Global Perspectives

The Global Perspectives learning cluster consists of Year 7 and 8 English and HASS. In this learning cluster, students explore and identify connections between the past and present to become informed active global citizens.  As critical thinkers they investigate alternative perspectives to ideas and issues and contribute their own opinions in an ethical manner. Students use their imagination and communication skills to create texts and solve real world problems.

Subjects taught in Global Perspectives are as follows:


  • English
  • Geography (including Economics & Business)
  • History (including Civics & Citizenship)



(Middle & Senior School Years 9 – 12)

At Loxton High School students study the English Australian Curriculum from Years 7 – 10. The curriculum is built around the three inter-related strands of Language, Literature and Literacy. Teaching and learning programs are balanced and integrate all three strands. Together the strands focus on developing students’ knowledge, understanding and skills in listening, reading, viewing, speaking, writing and creating. Learning in English builds on concepts, skills and processes developed in earlier years, and teachers revisit and strengthen these as needed.
Students engage with a variety of texts for enjoyment. They interpret, create, evaluate, discuss and perform a wide range of literary texts in which the primary purpose is aesthetic, as well as texts designed to inform and persuade. These include various types of media texts, including newspapers, film and digital texts, fiction, non-fiction, poetry, dramatic performances and multimodal texts, with themes and issues involving levels of abstraction, higher order reasoning and intertextual references. Students develop their understanding of how texts, including media texts, are influenced by context, purpose and audience.
In Years 11 and 12 English students focus on the exploration and development of English skills, strategies, knowledge, and understanding, for a variety of purposes. This is achieved through reading, viewing, writing, composing, listening, speaking, and using information and communication technologies (ICTs) in appropriate ways and for different purposes. Students are encouraged to read, consider, and appreciate a wide range of texts in various forms and media.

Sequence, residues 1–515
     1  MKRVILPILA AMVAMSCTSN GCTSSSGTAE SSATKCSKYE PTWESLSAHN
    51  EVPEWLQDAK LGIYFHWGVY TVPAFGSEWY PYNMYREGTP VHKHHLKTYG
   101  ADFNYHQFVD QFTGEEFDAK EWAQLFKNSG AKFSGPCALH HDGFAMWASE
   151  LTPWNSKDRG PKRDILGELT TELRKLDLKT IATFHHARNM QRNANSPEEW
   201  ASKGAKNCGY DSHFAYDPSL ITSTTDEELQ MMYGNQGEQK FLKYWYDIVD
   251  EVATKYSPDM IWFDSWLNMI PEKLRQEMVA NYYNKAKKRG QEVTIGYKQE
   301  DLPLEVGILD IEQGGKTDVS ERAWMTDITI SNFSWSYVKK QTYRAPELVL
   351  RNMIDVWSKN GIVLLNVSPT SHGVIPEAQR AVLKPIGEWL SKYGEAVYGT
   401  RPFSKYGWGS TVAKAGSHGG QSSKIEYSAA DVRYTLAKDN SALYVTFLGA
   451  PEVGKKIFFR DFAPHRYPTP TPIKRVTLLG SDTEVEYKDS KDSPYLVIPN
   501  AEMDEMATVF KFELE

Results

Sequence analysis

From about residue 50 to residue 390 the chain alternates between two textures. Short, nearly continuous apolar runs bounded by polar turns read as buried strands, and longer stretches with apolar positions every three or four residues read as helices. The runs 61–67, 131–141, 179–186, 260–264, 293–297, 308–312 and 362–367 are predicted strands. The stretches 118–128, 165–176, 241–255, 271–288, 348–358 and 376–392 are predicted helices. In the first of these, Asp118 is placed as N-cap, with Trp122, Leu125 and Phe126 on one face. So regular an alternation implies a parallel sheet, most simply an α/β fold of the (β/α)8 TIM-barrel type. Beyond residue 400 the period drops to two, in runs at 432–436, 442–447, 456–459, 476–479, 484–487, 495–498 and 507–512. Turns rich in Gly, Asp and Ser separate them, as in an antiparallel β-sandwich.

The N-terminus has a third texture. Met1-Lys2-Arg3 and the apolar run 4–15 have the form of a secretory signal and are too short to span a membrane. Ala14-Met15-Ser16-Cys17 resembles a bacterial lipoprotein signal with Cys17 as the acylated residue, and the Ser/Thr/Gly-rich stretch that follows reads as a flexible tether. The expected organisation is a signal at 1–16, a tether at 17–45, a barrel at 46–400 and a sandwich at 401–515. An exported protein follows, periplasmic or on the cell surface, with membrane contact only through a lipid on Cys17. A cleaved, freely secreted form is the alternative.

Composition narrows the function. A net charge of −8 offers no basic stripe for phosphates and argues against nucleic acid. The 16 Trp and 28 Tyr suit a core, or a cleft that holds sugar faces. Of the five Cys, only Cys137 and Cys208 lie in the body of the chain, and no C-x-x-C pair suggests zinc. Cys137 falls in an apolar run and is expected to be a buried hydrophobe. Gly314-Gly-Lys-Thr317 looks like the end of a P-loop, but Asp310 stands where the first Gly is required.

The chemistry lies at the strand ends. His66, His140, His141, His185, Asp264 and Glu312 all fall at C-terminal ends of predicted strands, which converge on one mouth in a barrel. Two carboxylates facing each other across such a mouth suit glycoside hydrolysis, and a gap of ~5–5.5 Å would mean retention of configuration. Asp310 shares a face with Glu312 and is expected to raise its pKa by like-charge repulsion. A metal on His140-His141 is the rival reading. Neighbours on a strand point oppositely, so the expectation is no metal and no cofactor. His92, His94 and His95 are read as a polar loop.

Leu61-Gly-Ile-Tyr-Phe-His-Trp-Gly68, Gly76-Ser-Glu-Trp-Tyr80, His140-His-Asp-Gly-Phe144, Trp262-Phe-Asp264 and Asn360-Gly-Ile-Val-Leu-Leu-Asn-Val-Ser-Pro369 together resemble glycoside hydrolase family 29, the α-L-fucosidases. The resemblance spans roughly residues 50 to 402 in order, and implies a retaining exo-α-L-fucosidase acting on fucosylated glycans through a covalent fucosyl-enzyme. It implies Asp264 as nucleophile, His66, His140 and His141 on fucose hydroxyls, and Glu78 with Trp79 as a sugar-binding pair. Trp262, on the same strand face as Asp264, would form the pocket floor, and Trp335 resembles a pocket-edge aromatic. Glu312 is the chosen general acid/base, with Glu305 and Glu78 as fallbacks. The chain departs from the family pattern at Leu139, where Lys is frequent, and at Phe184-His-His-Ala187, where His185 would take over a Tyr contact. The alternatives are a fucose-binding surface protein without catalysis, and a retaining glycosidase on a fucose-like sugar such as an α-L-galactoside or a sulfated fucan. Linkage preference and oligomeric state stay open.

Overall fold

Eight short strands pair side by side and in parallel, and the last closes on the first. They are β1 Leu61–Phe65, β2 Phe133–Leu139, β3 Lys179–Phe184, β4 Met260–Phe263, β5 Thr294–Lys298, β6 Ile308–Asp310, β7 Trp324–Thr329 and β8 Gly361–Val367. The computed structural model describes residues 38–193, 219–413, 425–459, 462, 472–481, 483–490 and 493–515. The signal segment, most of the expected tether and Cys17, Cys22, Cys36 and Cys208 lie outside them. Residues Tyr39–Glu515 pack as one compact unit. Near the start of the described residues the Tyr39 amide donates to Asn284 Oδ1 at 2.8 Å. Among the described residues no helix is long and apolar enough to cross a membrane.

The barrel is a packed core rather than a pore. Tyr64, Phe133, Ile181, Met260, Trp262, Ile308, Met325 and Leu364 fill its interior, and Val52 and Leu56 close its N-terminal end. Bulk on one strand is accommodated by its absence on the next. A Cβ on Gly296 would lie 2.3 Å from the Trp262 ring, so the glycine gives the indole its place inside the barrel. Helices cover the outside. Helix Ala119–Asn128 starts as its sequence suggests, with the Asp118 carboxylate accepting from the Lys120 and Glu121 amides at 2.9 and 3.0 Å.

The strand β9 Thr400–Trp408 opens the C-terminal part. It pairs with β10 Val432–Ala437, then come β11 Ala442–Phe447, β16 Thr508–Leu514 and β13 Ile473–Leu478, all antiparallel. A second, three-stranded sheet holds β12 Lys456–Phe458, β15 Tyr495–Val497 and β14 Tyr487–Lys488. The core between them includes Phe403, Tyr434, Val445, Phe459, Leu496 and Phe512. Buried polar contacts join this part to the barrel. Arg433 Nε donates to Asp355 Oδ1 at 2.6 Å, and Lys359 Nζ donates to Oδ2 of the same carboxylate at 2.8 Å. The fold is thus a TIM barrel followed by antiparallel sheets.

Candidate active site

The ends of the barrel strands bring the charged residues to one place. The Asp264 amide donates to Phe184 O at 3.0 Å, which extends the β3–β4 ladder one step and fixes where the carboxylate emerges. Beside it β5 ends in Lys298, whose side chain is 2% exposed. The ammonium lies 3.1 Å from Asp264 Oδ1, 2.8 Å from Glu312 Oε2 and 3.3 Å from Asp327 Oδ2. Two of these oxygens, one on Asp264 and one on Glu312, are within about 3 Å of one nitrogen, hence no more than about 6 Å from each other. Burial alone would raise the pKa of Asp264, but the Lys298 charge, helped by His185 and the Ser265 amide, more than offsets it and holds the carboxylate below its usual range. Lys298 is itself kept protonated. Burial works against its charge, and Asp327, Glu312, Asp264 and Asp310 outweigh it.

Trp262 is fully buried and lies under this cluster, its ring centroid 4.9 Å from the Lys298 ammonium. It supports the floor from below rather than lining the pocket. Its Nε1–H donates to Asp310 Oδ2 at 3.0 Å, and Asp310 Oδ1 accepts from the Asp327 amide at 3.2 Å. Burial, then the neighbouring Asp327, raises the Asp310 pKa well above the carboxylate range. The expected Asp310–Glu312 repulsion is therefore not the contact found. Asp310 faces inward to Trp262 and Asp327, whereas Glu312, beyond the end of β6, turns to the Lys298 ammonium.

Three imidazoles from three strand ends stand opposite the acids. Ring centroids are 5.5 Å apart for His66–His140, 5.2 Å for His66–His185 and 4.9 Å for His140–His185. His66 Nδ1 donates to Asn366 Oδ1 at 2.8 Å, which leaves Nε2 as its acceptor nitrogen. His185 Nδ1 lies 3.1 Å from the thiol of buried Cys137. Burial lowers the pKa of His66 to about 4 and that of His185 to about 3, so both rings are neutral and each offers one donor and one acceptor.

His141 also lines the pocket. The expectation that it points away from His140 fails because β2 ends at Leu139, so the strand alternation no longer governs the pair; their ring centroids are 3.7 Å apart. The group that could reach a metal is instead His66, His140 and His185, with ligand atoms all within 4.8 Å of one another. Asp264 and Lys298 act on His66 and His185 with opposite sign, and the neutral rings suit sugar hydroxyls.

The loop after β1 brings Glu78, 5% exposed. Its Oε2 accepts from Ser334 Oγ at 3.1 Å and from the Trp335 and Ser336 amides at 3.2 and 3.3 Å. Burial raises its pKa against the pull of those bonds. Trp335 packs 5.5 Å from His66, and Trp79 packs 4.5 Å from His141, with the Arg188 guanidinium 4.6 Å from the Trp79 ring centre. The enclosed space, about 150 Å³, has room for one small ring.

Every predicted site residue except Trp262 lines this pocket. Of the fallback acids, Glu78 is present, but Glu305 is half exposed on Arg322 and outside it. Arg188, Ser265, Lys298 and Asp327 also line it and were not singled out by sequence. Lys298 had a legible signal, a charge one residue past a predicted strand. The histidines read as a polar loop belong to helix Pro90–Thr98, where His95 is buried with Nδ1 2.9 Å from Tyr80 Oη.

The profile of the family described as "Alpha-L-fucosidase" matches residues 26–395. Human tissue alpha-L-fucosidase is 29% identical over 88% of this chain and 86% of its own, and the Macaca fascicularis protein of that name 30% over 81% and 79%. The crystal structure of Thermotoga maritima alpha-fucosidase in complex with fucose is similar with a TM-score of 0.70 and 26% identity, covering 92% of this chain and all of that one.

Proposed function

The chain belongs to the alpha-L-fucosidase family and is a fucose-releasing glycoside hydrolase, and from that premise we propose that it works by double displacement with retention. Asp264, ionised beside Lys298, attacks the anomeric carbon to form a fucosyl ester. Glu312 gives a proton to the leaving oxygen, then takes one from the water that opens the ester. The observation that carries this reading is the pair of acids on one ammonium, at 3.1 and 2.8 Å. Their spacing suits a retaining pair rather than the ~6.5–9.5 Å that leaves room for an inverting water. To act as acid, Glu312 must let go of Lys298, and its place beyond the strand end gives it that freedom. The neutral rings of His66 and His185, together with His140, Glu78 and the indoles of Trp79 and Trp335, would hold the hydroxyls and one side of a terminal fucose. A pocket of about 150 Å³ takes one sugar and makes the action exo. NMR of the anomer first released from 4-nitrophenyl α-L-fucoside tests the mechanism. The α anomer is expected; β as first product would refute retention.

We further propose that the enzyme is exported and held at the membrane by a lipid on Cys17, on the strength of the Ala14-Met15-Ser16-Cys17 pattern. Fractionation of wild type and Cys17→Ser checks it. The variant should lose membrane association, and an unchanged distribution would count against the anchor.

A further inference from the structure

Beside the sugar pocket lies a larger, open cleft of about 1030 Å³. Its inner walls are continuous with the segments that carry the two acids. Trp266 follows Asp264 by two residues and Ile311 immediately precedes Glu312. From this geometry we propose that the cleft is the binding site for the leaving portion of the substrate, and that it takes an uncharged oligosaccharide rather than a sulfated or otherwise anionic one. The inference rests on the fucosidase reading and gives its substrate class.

In studying Year 11 and 12 English, students develop confidence and competence in using the English language, and in understanding how texts are constructed for particular purposes and audiences.



(Middle & Senior School Years 9 – 12)
At Loxton High School students study the Australian Curriculum for History from years 7-10. The Australian Curriculum: History is organised into two interrelated strands: Historical Knowledge and Understanding and Historical Skills.
These strands include personal, family, local, state, national, regional and world history. There is an emphasis on Australian history in its world history context at Foundation to Year 10 and a focus on world history in the senior secondary years. These strands include a study of societies, events, movements and developments that have shaped world history from the time of the earliest human communities to the present day.
This strand explores key concepts for developing historical understanding, such as: evidence, continuity and change, cause and effect, significance, perspectives, empathy and contestability. These concepts may be investigated within a particular historical context to facilitate an understanding of the past and to provide a focus for historical inquiries.


The Australian Curriculum in Civics and Citizenship is also incorporated into History.


(Middle & Senior School Years 9 – 12)
At Loxton High School students study the Australian CurriculumGeography from years 7-10 which is organised into two interrelated strands: Geographical Knowledge and Understanding and Geographical Inquiry and Skills.
These strands include a study of environmental and human aspects of Geography at local, national, regional and global scales.

These strands involve students developing the ability to see the relationships between geographical concepts (place, space, environment, interconnection, sustainability, scale and change), to construct explanatory frameworks to illustrate relationships. It is also about applying this geographical knowledge to new situations or to solve problems by thinking and planning for action.

These strands promote a process of inquiry by which students learn new geographical knowledge and deepen their understanding. This is developed through investigations that involve observations or questions (for example, about environmental, social, cultural and economic features) the collection and interpretation of information to develop conclusions; and reflection on the overall process.

There is an emphasis on the techniques that geographers use in the field and in the classroom. Students learn to think critically about the methods used to obtain information and to analyse and interpret the information in order to communicate their findings.

The Australian Curriculum in Economics and Business is also incorporated into Geography.